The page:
Following the horrific Las Vegas shooting, the media are applauding the heroism of officers who endangered themselves to save citizens.
Along with her husband, Gail Davis attended the Las Vegas country music concert where a gunman ruthlessly killed at least 58 and injured more than 500 on Sunday night. Surviving what media reported as the deadliest shooting in U.S. modern history, Davis told CBS This Morning she owed her life to a police officer who acted as her "guardian angel."
On Monday morning, CBS host Gayle King asked David to describe what she witnessed.
"Gail, I can't imagine how you are feeling at this second," she began. "What can you tell us about what you saw what happened?"
Still in shock, Davis revealed that she originally went with her husband to see her "favorite singer" Jason Aldean perform.
"He sang about five songs and all of a sudden we just heard like three or four little pop, pop, pop and everybody kind of looked around and said, 'Oh, it's just firecrackers,'" she remembered. "And then we heard pop, pop, pop, and it just kept going and going, and my husband said, 'That's not firecrackers. That sounds like a semi-automatic rifle.' And then everybody started screaming and started to run."
At her location, Davis stressed she could have been a victim herself after watching one young woman beside her collapse.
"First, she stood there and she grabbed her stomach and she looked at her hands, her hands are all bloody, and then she was wearing, like, a little crop top and, you know, blue jean shorts and cowboy boots, and she looked at her hands. her hands are bloody, and she just kind of screamed and she just fell back," she detailed.
As she saw "people getting shot and people falling," her husband warned her, "We gotta get out of here. We’re going to get shot." That’s when they ran towards the concessions stands and Davis met the "Metro officer who I owe my life to."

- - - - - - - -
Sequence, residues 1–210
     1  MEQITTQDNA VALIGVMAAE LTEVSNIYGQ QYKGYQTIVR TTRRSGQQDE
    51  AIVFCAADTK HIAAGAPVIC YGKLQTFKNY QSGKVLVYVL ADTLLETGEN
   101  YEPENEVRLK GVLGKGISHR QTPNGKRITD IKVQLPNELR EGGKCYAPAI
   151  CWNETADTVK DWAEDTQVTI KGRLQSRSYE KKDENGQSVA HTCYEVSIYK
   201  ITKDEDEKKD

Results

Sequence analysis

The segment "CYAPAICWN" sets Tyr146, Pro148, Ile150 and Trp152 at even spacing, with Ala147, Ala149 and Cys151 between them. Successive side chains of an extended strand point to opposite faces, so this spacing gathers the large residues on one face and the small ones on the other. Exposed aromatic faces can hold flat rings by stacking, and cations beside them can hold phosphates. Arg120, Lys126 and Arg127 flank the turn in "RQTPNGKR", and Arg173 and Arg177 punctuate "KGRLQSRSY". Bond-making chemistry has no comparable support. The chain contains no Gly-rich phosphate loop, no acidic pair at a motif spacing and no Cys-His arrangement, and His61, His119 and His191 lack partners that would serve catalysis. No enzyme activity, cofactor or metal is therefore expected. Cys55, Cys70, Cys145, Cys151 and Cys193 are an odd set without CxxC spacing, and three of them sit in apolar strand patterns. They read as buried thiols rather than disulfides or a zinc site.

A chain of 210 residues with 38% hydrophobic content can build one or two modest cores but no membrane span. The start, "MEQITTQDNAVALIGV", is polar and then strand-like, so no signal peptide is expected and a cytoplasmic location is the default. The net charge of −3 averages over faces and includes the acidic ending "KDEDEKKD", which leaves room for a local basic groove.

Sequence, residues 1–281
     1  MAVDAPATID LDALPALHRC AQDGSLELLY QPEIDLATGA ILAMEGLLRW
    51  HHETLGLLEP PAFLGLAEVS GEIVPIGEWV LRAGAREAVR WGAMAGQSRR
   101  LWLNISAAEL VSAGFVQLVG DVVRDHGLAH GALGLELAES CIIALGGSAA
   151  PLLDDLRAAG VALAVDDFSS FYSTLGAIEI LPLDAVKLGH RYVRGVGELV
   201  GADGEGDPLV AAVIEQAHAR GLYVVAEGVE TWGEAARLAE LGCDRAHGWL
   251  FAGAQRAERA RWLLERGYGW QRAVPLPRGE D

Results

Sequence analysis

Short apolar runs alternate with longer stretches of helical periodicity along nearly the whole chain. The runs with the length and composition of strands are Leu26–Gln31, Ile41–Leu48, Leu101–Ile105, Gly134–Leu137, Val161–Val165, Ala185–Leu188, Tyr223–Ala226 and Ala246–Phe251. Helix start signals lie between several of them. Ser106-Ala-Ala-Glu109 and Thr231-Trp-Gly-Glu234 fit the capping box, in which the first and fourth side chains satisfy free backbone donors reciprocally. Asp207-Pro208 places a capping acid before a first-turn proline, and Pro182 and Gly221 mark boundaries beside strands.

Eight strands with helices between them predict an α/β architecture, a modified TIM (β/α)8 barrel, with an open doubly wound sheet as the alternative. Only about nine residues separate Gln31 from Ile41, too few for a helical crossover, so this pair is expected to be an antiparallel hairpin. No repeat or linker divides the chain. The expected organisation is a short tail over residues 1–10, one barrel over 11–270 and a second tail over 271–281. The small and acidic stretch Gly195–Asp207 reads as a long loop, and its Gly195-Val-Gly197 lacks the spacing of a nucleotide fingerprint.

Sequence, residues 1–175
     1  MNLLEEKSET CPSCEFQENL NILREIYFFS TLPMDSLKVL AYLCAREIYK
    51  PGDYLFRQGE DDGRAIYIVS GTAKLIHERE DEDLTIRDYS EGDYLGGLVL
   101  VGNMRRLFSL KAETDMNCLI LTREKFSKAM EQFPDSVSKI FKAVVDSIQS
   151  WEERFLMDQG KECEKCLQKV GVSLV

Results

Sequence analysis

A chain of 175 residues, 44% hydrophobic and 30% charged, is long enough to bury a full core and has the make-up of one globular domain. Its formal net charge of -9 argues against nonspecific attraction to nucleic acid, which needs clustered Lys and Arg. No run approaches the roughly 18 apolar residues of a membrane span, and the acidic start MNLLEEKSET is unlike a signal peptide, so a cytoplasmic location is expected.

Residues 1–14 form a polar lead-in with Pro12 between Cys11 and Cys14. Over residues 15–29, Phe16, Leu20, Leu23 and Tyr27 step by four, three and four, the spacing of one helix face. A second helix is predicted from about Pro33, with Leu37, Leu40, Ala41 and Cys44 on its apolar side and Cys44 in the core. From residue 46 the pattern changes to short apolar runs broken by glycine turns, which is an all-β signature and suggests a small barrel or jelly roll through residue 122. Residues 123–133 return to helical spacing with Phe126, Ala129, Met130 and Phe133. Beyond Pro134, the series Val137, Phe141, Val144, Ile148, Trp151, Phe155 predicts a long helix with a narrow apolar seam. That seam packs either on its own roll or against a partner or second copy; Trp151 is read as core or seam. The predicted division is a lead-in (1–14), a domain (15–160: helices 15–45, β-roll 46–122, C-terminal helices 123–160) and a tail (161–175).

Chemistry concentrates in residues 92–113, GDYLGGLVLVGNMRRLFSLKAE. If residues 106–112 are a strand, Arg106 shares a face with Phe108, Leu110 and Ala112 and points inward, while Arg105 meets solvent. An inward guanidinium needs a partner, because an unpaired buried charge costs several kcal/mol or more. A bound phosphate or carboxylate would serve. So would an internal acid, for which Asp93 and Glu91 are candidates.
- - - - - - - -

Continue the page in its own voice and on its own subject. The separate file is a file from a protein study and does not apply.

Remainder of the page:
He grabbed the couple, beckoning them to "Get in here."
"We went running in there, and he said, 'Get down.' And so we got down," she said, along with another two ladies trying to hide. "And the officer actually covered me up to protect me from being shot because I couldn't get out all the way."
Each time they thought the shooting finally ended, the gunman began firing again.
"You could hear the shots just, like, going back and forth and ricocheting, and then they would stop, and then we thought, 'Okay. It's over,'" she added. "And then it would start again."
At one point, the officer went out "to look around" with his gun. But as soon as the shooting resumed, he came "running back" to protect her.
When the gunman took time to reload, Davis said the officer moved them to safer tent. "He was like my guardian angel, he never left me," Davis said.
But the shots became louder and her husband, she said, was hit with shrapnel.
Again, the officer urged, "We need to get you out of here. But stay low." She remembered he had to push down a door in the back for them to escape.
He advised them to "stay out of the light" and "just run. Just run and keep down."
"And as were running, there's people laying everywhere," she said of the scene as she started to tear up. "People were bleeding. One guy was holding his girlfriend or wife or woman. And he was crying and saying, 'Oh God, baby, I'm so sorry. I'm so sorry. It's my fault.' And I think she had been shot in the head, 'cause he was covered with blood."
"And we ran, we ran," she added. "And there was just ambulances and police cars everywhere. It was heartbreaking. It was unreal."
At that point, King chimed in:
"Gail, you are painting an incredible story. I am so sorry," she said. "We’re all sorry you had to go through something like this. It sounds absolutely terrifying."
After the horrifying event, Davis hoped to find the officer who saved her.
"I saw his face, and I'm going to try to go down to Metro and see if I can find him and look at his pictures because he saved me. I know," she said. "I'm going to try to find him and tell him thank you."
In general, Davis applauded police efforts.
"They’re always right there, you know? Metro is such an amazing police force, and they were right there," she said. "There were police cars everywhere, and the police officers were helping, the other concert-goers were helping everybody. It was just amazing. We all came together, and everybody was helping everybody. It was wonderful to see, and I just love Metro. I'm just so proud of them."
King agreed, "A lot of people are giving big kudos to the Las Vegas police department."